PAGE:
Water use and water use efficiency Crop water use was significantly higher in the deep tillage plots than in the controls in 2017 (13mm) and 2019 (1119mm), but not statistically significantly so in 2018. If one assumed that all of this additional water use was used to sponsor grain yield at 22 kg/ha/mm then 286 kg extra grain could have been produced in 2017 in the 30cm deeptilled plots, and 242 (deep tilled once) 418 kg/ha (deep tilled annually) in 2019. However, these amounts are not sufficient to account for the increased grain yields observed Table 2 (>700 kg in 2017 and 310-560 kg in 2019). Crop transpiration, the amount of water used by the crop canopy, can be estimated from the crop biomass data, assuming 48.7 kg of shoot dry matter produced per mm of water transpired for wheat and 45.3 kg/mm for barley (see Unkovich et al. 2018 and Rodriguez and Sadras 2007). We can then partition total crop water use between transpiration and evaporation from soil under the crop canopy by a simple difference (Es=total water use transpiration). This analysis would suggest that bare soil evaporation was decreased to a greater extent than total
Page 3 water use was increased in the deep tilled plots (Table 3). The data demonstrate that the big effect of the deep tillage (30cm) treatment was to increase crop transpiration at the expense of bare soil evaporation, increasing water use efficiency by reducing unproductive water loss. Table 3. Seasonal crop water use and estimates of crop transpiration (T) and bare soil evaporation (Es) and water use efficiency in the Ouyen trial. All values are mm of water. Statistically significant differences between treatments within years are in total water use are indicated.
Water use (mm) 144a 139a 145a 157b 157b 144 139 145 157 157 107a 111ab 115ab 118bc 126c
Control Pre-drill to 20cm -once Pre-drill to 20cm -annual Deep till to 30cm -once Deep till to 30cm - annual 2018 Wheat Control Pre-drill to 20cm -once Pre-drill to 20cm -annual Deep till to 30cm -once Deep till to 30cm - annual 2019 Barley Control Pre-drill to 20cm -once Pre-drill to 20cm -annual Deep till to 30cm -once Deep till to 30cm - annual
79 91 86 129 117 55 56 59 66 82 71 82 92 91 110
65 48 59 28 40 89 83 86 91 75 36 29 23 27 16
To highlight this we have plotted the water use efficiencies of the control and deep tillage (30cm) treatments for 2017 in Figure 1 in the “French & Schultz” format, using the bare soil evaporation (Es) values from Table 3 as the X axis intercept terms and the slope calculated as grain yield/transpiration, with the transpiration (T) term coming from Table 3 also. This figure shows that the water use efficiency is improved by moving the line to the left in the deep tilled (30cm) treatment, which shifts the WUE line upwards (more yield) for the same amount of total water used. We also note that the slope of the line is slightly less in the deep tilled (30cm) treatment.
Grain yield (t/ha)
Deep tilled (30cm)
3.0 2.5 2.0 1.5
0.5 0.0 0
Water use (mm)
Page 4 Figure 1. Comparative water use efficiency of control and deep tilled plots of barley in 2017. The yields observed are plotted on the calculated water use efficiency line for each treatment.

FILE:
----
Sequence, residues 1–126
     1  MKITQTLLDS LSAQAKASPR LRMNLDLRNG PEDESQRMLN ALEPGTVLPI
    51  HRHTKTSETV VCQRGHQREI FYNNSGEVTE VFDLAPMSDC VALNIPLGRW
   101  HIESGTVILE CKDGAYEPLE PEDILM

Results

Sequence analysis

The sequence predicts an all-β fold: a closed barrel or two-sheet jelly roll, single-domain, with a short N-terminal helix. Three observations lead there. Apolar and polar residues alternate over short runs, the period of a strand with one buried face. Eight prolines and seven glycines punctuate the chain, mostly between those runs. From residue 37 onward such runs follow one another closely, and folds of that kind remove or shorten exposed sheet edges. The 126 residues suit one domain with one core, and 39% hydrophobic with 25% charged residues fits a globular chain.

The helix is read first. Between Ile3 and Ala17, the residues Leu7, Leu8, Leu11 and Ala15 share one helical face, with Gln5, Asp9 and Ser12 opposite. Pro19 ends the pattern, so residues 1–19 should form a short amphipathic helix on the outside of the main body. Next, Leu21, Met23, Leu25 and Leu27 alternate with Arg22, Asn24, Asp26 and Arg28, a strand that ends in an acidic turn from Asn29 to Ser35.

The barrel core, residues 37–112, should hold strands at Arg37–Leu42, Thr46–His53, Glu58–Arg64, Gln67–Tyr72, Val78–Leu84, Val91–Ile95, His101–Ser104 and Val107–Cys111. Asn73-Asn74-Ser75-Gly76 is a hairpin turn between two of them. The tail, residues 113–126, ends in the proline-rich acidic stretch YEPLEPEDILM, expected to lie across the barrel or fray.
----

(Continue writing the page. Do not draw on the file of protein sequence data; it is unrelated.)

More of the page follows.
A large part of the deep ripping treatment effect appears to be in reducing bare soil evaporation and this has been observed previously in the Mallee (Sadras et al. 2005), but how is this achieved. Bare soil evaporation is reduced when crop canopies shade the soil, resulting in radiation striking the crop and drawing water up through the shoots (transpiration). Our dataset suggests that tillering may be directly increased by the deep ripping treatment, independent of a slight increase in soil water availability at depth. Such responses have been observed previously in pot studies when compacted soil was ripped (Atwell 1990).
Implications for commercial practice It would appear that in the trial at Ouyen that deep ripping may be increasing crop tillering, in both barley and wheat, reducing bare soil evaporation and providing a big boost to water use efficiency. Further work is required to ascertain if tillering is constrained in compacted soils and if so, if deep tillage is the most effective way to increase it.
Acknowledgements This research is a collaborative project between the GRDC, CSIRO, the University of South Australia, the SA state government through Primary Industries and Regions SA, Mallee Sustainable Farming Inc, AgGrow Agronomy and Trengove Consulting. The research undertaken as part of this project is made possible by the significant contributions of growers through both trial cooperation and the support of the GRDC, the author would like to thank them for their continued support.
References Atwell, B (1990) The effect of soil compaction on wheat during early tillering: I. Growth, development and root structure. New Phytologist 115, 29-35. Rodriguez, D, Sadras, VO (2007) The limit to wheat water-use efficiency in eastern Australia. I.* Gradients in the radiation environment and atmospheric demand. Australian Journal of Agricultural Research 58, 287-302. Sadras, VO, O'Leary, GJ, Roget, DK (2005) Crop responses to compacted soil: capture and efficiency in the use of water and radiation. Field Crops Research 91, 131-148. Unkovich, M, Baldock, J, Farquharson, R (2018) Field measurements of bare soil evaporation and crop transpiration, and transpiration efficiency, for rainfed grain crops in Australia – A review. Agricultural Water Management 205, 72-80.